At the fourth time of asking, he astutely switched up to a driver and delivered the first half of his knock-out blow. With the Italian in prime position, Khan felt compelled to go for the green. Feeling the pressure, he mis-timed his approach and found water short of the putting surface. Manassero - refusing to be overcome by the enormity of the situation he found himself in – pulled a wood and found the centre of the green with an immaculate approach. Laying up was the obvious choice, but such is the confidence, awareness and tactical nous of Manassero it was something that barely entered his mind.
So many things were so impressive about Manassero’s play-off performance – control of emotions, strategy, immense skill and flawless execution, to name a few –but what really stood out was his mental strength. There he was, in front of the European Tour’s biggest crowd, on the verge of becoming the youngest ever winner of the circuit’s flagship event, and he looked completely at ease. Having ability is one thing, but mental fortitude is the catalyst that turns latent natural talent into success at the highest level.
After the tournament, Sky Sports’ Rob Lee declared Manassero mental game to be ‘in the top 1% on tour.’ How could anyone disagree? At 20 years old, he boasts more professional victories than Tiger Woods had at the same age. What’s so impressive about the Italian is there appears to be no discernable weakness in his game. He is short off the tee, granted, but he’s made recent improvements in that area. His ball striking stats are some of the best on tour, his short game is good and his putting stroke is exceptional. But the thing that sets him above all of his contemporaries is his mentality.
As flippant as it might sound, countless youngsters around the world have similar playing attributes to Manassero. Looking back at past winners of the Amateur Championship (a tournament he won aged 16 in 2009 to become the event’s youngest ever victor) is revealing, though:
2012 – Alan Dunbar
2011 – Bryden Macpherson
2010 – Jin Jeong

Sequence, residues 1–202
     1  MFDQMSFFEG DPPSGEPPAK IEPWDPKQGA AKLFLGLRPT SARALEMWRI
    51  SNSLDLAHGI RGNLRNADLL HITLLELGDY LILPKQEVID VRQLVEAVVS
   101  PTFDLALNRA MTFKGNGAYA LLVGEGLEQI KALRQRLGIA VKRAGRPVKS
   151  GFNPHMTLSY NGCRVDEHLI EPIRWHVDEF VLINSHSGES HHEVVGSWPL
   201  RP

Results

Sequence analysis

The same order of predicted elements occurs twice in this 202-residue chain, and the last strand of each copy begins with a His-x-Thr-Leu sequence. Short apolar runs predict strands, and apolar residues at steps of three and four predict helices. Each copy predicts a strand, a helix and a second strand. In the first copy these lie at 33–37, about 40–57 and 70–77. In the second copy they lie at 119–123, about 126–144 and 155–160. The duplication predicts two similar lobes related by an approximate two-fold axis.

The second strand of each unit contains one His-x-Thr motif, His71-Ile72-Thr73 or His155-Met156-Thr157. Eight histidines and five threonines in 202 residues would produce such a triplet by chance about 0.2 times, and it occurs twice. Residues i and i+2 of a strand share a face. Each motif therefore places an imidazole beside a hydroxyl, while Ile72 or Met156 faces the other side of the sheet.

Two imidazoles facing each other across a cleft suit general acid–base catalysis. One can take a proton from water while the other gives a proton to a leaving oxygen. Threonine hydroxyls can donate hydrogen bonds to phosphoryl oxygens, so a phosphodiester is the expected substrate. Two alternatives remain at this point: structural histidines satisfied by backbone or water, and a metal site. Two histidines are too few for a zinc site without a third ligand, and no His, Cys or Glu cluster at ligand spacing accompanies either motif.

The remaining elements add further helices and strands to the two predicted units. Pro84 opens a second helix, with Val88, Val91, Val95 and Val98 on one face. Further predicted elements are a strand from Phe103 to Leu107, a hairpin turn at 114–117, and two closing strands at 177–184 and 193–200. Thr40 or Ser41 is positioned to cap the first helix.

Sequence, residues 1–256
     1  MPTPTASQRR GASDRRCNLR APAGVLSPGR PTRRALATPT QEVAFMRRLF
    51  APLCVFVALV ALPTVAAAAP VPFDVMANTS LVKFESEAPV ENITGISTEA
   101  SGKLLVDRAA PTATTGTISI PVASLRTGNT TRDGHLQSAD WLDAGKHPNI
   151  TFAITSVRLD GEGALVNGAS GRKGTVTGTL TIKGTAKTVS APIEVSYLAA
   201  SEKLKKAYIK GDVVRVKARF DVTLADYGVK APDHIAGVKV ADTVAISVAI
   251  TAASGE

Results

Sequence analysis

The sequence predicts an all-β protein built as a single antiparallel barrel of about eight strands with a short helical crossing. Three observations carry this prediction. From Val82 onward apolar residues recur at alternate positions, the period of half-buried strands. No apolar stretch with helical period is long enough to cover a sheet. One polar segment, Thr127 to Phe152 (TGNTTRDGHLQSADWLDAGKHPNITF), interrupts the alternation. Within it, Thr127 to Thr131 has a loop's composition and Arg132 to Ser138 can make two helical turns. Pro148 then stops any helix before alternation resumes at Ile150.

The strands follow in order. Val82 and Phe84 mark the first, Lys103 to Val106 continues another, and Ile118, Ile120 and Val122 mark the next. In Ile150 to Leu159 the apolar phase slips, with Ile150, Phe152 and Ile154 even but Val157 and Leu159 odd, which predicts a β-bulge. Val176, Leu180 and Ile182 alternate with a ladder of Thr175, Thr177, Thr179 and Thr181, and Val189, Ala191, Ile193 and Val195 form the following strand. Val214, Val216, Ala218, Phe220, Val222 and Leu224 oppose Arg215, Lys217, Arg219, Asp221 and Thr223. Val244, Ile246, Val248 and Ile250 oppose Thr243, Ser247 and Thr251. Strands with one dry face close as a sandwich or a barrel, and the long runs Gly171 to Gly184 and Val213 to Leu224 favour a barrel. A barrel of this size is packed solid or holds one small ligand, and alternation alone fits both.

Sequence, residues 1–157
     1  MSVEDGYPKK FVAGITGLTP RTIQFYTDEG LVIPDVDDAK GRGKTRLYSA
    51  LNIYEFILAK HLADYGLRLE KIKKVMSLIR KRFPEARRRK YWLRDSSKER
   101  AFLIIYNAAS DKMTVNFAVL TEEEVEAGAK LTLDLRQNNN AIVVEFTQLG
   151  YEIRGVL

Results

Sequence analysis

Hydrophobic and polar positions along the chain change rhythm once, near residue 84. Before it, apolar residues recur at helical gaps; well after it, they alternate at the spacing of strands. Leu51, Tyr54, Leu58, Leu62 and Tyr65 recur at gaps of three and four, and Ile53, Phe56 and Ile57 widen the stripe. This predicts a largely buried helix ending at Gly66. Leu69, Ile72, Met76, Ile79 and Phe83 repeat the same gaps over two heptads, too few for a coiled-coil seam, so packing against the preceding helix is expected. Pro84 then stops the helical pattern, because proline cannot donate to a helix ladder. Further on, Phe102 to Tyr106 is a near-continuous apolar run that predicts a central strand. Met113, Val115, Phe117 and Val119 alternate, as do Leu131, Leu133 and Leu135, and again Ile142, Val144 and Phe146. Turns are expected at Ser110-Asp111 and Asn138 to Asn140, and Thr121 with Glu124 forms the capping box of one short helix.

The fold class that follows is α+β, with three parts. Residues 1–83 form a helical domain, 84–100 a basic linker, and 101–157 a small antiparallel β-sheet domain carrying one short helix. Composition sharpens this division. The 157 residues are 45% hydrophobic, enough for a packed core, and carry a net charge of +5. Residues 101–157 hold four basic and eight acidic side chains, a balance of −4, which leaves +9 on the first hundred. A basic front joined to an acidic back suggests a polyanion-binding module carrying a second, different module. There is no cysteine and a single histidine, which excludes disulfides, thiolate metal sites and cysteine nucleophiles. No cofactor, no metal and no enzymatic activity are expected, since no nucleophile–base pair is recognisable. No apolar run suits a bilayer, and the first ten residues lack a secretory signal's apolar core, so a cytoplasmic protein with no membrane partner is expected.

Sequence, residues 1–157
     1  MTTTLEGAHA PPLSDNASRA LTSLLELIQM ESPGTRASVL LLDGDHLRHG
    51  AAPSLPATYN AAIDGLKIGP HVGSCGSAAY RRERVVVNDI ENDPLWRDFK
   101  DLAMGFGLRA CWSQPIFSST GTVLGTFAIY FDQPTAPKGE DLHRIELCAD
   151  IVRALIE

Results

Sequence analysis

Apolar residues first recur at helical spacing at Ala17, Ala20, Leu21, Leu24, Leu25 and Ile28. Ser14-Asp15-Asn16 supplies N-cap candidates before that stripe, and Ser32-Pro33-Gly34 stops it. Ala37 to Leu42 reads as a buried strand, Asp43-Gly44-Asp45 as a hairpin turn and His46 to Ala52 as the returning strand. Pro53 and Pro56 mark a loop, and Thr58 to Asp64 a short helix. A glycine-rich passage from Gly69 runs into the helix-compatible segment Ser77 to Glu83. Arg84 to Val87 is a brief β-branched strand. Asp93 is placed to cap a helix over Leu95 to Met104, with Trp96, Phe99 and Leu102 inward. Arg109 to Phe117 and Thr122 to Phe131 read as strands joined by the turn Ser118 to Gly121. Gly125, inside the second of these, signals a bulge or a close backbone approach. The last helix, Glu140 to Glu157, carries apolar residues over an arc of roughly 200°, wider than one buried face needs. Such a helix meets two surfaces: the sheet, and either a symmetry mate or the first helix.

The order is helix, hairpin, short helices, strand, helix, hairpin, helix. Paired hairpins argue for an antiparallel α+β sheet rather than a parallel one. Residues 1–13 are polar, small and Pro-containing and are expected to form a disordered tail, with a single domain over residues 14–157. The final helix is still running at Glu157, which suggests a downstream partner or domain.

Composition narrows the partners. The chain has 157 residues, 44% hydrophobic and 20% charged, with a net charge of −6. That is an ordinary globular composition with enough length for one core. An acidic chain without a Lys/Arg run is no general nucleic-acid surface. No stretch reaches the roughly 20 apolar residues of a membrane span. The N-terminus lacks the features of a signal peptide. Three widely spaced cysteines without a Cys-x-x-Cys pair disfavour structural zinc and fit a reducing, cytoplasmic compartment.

2009 – Matteo Manassero
2008 – Reinier Saxton
2007 – Drww Weaver
2006 – Julien Guerrier
2005 – Brian McElhinney
2004 – Stuart Wilson
2003 – Gary Wolstenholme
2002 – Alejo Larrazabal
Who, aside from an avid golf fan, could honestly say they are familiar with half the names on that list? It takes a huge amount of talent to win the Amateur Championship. Granted, personal issues and other factors may have come into play, but mental strength is the dividing line between success and failure. The gulf between these players and Manassero in terms of ability is small, but the psychological gap is huge.
Something else that makes Manassero’s success even more satisfying is his demeanor and the way he conducts himself. Unlike many other talented youngsters, his parents made him stay in school until he was 16, and that sense of perspective has enabled him to keep his feet firmly on the ground. He’s a polite, mild-mannered and respectful young man with a great work ethic, who doesn’t take anything for granted. What’s more, he plays quick golf – a refreshing trait in a game that’s increasingly succumbing to slow play.
There are so many reasons to be so positive about Matteo Manassero, and there simply cannot be any doubts about his major-winning aptitude. He is a class act both on and off the field and a youngster that hasn’t received enough praise for his astonishing achievements. With victory at the PGA, though, things look sure to change. In truth, it wouldn’t be a surprise if he registered a major victory before any of Europe’s golden generation.